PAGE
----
My name is Valerie. I signed up to be the webmaster.
We have some other people who are better at tech stuff, and others who are better at writing, (especially writing concisely) but none who are adequate at both AND have spare time. So, dear reader, you are stuck with me. I’m sorry. As often as I can, I’ll cajole the others into writing. They seem pretty keen to introduce the ideas and strategies we’re working on; just a little hesitant to introduce themselves or spend 90 minutes coming up with a catchy jingle to advertise our next social event. Ridiculous, right? Anyway, leading by example, off I go to write my real intro piece, about what sparked my interest in Cohousing.
Today’s post was written by one of our founding members, Caroline.
Of all of us, she has probably the longest history with intentional communities so it seemed good to let her story be first.
Please note that any text in italics is mine, whereas the plain text is Caroline’s.
In 1945 my parents helped a small group of progressive people found an “intentional community” in Chester County, outside of Philadelphia, called Tanguy Homesteads.
The founders were mostly Quaker and largely white, but their goal was to be both inter religious and interracial. They pooled their resources and bought a 200 acre farm, leased each family a 2 acre lot, and had community potlucks, folk dances and business meetings in the “Big House” — the locals apparently thought Tanguy folks were communists!
Really? This is what I think communists build.
Pretty soon we had dug a community pond for swimming and skating in season, and there was a lot of Co Op childcare in parenting. Eventually one family began a small automatically ratcheting wrench business that employed several other families’ members.
Our family were Associate Member for years, because we already owned some land nearby, but after my father‘s untimely death, my mother and her six children (I was the third) moved into a new home in 1957.
It was “Techbuilt” (somewhat like modular housing today) and the contractor was a member of Tanguy. We put a lot of sweat equity into that house!
I attended the local junior high for grade 8, and started going to Westown Friends (Quaker) School In grade 9. By grade 11 I was a boarding student, though my home was only 2 miles away, and then I went to college in Boston, far away. These separations meant I really didn’t have very much of an “older teenage” or young adult view of the way the Tanguy community worked, but it was a terrific place to grow up.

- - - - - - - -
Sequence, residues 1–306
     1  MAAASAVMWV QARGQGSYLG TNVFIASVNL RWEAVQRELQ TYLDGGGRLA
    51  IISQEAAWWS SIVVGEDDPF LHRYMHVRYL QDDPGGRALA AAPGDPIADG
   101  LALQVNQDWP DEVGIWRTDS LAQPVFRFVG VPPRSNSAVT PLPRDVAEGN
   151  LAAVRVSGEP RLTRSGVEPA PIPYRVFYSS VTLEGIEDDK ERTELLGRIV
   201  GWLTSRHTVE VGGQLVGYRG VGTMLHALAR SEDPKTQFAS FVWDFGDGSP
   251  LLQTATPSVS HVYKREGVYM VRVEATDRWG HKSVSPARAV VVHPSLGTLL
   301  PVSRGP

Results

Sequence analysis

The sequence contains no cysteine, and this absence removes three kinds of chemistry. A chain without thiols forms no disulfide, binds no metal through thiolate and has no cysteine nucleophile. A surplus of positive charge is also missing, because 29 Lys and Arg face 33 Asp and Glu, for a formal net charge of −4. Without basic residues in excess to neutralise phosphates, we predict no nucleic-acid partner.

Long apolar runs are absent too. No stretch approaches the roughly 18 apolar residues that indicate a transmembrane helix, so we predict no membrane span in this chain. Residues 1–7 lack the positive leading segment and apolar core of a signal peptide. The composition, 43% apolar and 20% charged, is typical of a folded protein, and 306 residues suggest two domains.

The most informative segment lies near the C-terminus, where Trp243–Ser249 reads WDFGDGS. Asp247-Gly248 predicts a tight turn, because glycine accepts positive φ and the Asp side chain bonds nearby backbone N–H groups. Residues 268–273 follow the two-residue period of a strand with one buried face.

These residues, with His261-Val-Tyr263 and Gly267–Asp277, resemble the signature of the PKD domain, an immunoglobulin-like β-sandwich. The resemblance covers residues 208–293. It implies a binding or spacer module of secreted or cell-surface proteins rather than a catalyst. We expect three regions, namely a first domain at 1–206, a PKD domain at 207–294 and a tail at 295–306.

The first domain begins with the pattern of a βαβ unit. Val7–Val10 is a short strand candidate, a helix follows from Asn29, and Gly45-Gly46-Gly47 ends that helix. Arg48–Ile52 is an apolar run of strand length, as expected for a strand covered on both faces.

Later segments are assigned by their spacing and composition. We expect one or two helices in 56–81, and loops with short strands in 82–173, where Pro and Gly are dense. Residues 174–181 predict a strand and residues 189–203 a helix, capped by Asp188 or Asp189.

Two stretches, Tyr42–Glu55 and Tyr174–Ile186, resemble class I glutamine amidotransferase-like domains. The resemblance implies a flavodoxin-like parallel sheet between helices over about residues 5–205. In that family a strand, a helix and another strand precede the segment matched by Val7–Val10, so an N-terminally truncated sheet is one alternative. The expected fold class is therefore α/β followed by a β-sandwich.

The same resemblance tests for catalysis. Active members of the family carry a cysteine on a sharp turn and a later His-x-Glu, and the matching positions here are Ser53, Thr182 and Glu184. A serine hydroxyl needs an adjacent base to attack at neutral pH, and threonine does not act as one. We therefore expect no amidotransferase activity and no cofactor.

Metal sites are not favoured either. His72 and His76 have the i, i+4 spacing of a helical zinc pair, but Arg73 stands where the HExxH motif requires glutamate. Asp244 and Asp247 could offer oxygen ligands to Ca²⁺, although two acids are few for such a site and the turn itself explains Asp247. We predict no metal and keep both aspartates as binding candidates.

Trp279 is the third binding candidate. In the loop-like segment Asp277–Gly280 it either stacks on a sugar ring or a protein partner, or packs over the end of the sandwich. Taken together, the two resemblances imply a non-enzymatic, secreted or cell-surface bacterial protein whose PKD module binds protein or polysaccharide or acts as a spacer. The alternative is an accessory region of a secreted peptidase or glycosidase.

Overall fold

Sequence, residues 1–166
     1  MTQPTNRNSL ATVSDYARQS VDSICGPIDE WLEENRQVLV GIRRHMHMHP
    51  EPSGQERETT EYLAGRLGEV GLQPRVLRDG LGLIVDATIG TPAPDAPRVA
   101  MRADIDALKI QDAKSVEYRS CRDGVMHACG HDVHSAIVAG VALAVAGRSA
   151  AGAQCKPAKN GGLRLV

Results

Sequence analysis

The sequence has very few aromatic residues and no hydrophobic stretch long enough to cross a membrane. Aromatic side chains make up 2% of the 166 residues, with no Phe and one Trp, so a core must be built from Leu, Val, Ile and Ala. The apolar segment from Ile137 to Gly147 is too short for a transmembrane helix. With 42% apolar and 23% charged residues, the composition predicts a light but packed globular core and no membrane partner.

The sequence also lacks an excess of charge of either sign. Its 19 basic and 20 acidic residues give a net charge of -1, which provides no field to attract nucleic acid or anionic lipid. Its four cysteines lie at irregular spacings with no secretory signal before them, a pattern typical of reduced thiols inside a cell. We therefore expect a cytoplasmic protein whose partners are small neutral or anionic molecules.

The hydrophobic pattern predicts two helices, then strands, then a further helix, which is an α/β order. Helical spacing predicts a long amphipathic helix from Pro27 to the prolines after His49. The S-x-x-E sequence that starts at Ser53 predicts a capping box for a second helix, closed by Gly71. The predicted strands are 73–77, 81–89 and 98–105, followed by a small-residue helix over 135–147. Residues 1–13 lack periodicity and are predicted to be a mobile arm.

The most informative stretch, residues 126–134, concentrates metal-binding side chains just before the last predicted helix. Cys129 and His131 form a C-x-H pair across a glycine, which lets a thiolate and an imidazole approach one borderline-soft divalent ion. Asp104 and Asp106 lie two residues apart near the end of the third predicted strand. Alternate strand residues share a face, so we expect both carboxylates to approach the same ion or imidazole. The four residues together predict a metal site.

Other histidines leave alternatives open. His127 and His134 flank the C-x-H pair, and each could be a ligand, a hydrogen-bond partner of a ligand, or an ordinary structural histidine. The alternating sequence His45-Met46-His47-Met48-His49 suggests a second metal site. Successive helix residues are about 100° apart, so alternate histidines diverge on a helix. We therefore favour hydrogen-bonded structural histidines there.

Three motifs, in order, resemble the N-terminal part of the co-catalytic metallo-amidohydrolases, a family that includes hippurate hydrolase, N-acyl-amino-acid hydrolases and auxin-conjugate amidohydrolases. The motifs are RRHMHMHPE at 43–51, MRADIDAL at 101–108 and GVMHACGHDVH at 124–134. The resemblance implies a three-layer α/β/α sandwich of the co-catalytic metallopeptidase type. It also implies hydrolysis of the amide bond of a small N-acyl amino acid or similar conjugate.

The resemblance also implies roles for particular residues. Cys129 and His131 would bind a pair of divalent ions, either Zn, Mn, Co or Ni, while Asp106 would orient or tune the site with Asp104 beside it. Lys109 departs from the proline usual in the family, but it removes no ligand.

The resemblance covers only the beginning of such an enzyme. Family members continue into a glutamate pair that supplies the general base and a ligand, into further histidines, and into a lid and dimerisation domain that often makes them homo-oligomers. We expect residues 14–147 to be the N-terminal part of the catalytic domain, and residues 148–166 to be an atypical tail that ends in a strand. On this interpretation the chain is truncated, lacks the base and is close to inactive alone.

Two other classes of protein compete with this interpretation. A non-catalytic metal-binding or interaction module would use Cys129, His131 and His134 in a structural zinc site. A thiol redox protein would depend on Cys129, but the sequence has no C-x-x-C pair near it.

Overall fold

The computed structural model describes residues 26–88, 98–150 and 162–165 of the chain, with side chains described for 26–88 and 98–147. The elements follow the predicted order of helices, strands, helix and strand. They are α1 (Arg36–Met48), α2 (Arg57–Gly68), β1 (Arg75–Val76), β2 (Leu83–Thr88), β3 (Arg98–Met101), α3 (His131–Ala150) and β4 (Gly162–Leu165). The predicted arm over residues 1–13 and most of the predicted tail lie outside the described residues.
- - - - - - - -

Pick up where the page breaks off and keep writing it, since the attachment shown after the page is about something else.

I do remember many shared activities (games nights, “progressive” dinners, life-saving classes in the pond, a summer youth production of West Side Story, etc.), and my best friend lived just down the road.
Not surprisingly after such a cooperative-based upbringing, I’ve often lived in shared housing. Almost always these homes were owned by me and/or my late husband, so there wasn’t a completely equal basis to decision-making. Still, I’m used to having neighbours who do more than share the proverbial cup of sugar and I look forward to being able to really build close relationships and cooperation within Concorde.
For the record: I was a member of Terra Firma in the 90s, before I went away to do research in England & before TF actually bought the homes where it is now based. I have also been a (fairly inactive) member of Convivium.
On October 20th, several of our members and interested “explorers” went for a walk and talk at the future site of the Botanical Garden of Canada.
Canadensis, is, like us, still in the early stages, so it will be exciting to see how it progresses, as it was a wonderful place for a Concorde Social . It lines up perfectly with one of the preferences our group first united upon: Urban With Nearby Nature.
That means that while we love to be surrounded by flowers and leaves and rivers and sheep…
….we still want to live in the city, with public transportation, walkable errands and the spectrum of cuisines and cultural activities associated with an urban setting.
So, as I said, the Canadensis walk was perfect for us: free, no car required, (though admittedly, it’s a bit of a trek from the closest bus stop) beautiful nature. some cultural displays and a picnic. (Because it wouldn’t be a Concorde event without Somebody Sharing Something Scrumptious!)
Unfortunately, since October isn’t actually summer, the picnic was while we were standing and we didn’t get to put our toes in the grass.
Still, despite a drizzly grey morning, it turned into a beautiful day and it gave one of our members, Jake, a chance to tell us about helping to build Canadensis a sun structure earlier this year. He said it was like putting an egg carton together in the sky. That makes a bit more sense once you’ve seen a picture, but all I have is this picture of Jake.
I’m looking forward to checking on their progress and using the picnic shelter for a proper sit-down picnic next year.
Maybe you, dear reader, will join us?
Welcome to the new website of Concorde Cohousing.
Concorde Cohousing is a forming “co-housing” group in Ottawa Canada.
This website is currently under construction. (June 2018)